First off, for reasons I can’t recall, I have two copies of this issue of “The Blue Eagle”. I’ve no idea why, and certainly don’t need two issues, so if anyone out there wants one of them, I’d be happy to share. I don’t have too many copies of this fanzine, unlikely Daniel’s resurrected version “The U’sual” – of which I think I have pretty much all of them (thanks in no small part to Daniel himself). I’m not that familiar with the history and development of “The Blue Eagle” (other than I think it originated during our Conference years?), so if anyone can share more information, it would be much appreciated. By Issue 39 the fanzine was edited by Jason Skinner, whom I think I’m on “vaguely know your face” nodding terms, and the contributors to this issue include other well-known names in CUFC circles, including Bob Searle, Lea Finch and Dave Todd.
As mentioned, the editorial includes brief focus on the visit of Burnley, and indeed a notable recent signing for the Lancashire club “…it does seem that we only win against clubs doing well, so that should at least be an incentive when Ian Wright and Burnley are in town next week”. However, far more column inches are devoted to the fallout following the dismissal of Brian Launders, one of Wadsworth’s ill-fated signings. Launders was sacked for gross misconduct, and the fanzine isn’t shy about reporting that this allegedly involved fiddling his living expenses. Launders had reacted by taking the U’s to a tribunal, alleging that he was sacked for refusing to answer questions from the club about legal proceedings also being brought against the U’s by his agent Barry Silkman. The letters page is particularly entertaining, clearly the editor either had a very good lawyer on call, or in the true spirit of proper fanzines, really couldn’t give a sh*t…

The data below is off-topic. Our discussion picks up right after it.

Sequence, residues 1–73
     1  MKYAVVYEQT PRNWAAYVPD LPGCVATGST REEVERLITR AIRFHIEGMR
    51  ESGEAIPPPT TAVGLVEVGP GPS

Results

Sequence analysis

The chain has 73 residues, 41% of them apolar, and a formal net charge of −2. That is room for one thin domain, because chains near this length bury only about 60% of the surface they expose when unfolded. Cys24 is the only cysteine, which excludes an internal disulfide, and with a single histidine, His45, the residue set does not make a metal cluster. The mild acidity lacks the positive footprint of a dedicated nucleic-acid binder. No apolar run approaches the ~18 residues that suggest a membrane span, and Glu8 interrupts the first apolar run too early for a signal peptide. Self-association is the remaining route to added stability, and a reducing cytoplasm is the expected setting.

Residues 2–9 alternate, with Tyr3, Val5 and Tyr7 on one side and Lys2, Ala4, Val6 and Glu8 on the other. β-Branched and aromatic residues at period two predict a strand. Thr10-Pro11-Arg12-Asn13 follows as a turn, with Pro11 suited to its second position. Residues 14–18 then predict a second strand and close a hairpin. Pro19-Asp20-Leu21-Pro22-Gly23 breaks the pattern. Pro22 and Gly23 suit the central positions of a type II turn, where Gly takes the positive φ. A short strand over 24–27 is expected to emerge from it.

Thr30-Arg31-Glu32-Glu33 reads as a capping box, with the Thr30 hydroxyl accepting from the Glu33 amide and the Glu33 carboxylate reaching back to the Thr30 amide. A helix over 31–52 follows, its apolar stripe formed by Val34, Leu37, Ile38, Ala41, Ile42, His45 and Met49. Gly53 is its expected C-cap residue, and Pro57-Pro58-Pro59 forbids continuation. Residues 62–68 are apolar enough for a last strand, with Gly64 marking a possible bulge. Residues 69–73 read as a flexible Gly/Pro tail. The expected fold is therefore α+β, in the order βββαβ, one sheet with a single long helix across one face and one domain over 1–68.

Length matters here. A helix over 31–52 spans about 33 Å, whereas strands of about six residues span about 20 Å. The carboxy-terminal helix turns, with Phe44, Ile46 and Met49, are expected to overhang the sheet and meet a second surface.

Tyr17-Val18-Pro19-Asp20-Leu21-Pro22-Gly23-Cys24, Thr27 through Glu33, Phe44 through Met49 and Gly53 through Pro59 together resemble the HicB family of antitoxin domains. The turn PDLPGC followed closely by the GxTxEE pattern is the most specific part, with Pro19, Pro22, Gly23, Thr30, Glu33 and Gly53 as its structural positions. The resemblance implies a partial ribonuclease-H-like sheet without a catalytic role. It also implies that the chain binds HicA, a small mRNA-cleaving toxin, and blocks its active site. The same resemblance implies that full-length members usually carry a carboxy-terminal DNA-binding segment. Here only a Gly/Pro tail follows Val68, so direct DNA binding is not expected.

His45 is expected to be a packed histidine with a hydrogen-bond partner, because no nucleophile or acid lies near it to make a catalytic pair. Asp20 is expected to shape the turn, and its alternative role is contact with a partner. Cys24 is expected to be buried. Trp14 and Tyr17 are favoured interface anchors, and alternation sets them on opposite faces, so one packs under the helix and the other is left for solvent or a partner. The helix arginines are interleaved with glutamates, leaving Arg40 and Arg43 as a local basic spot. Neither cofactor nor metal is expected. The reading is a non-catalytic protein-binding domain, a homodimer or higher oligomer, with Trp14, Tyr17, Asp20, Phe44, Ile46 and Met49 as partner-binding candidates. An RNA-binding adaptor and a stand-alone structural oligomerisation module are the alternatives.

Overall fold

As for the match, many of you reading this will have been jammed into Layer Rd that afternoon, with over 6k there on the day (including a packed out away terrace of Burnley fans). I was on the Barside terrace that day, for what would turn out to be quite a notorious and controversial day for the U’s faithful.
The U’s lined up: 1….Simon Brown 2….Joe Dunne (Aaron Skelton 84’) 3….Joe Keith 4….Ross Johnson 5….Richard Wilkins 6….Gavin Johnson 7….David Gregory (Lomana Tresor Lua Lua 50’) 8….Jason Dozzell 9….Karl Duguid 10..Jamie Moralee (Tony Lock 62’) 11..Steve McGavin